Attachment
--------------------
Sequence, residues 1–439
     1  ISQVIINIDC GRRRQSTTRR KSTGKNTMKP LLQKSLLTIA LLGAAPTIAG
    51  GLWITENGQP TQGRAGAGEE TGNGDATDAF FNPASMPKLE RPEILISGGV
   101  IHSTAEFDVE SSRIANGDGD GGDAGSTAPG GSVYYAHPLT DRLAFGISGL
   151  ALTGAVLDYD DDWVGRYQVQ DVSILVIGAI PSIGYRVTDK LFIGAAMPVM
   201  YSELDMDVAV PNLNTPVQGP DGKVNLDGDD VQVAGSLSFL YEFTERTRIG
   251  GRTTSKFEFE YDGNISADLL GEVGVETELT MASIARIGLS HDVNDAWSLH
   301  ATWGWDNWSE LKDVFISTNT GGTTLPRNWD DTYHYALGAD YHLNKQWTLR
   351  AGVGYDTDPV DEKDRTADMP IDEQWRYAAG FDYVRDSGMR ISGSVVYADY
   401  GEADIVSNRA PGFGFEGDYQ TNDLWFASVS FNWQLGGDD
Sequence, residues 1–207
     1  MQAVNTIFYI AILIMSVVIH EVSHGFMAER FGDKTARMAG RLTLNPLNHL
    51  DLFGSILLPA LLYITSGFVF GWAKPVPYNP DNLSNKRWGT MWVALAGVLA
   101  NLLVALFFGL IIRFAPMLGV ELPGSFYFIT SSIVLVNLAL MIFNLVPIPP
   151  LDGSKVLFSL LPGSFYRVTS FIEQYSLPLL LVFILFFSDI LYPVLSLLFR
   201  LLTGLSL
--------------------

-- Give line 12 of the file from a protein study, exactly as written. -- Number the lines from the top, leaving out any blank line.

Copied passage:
     1  MQAVNTIFYI AILIMSVVIH EVSHGFMAER FGDKTARMAG RLTLNPLNHL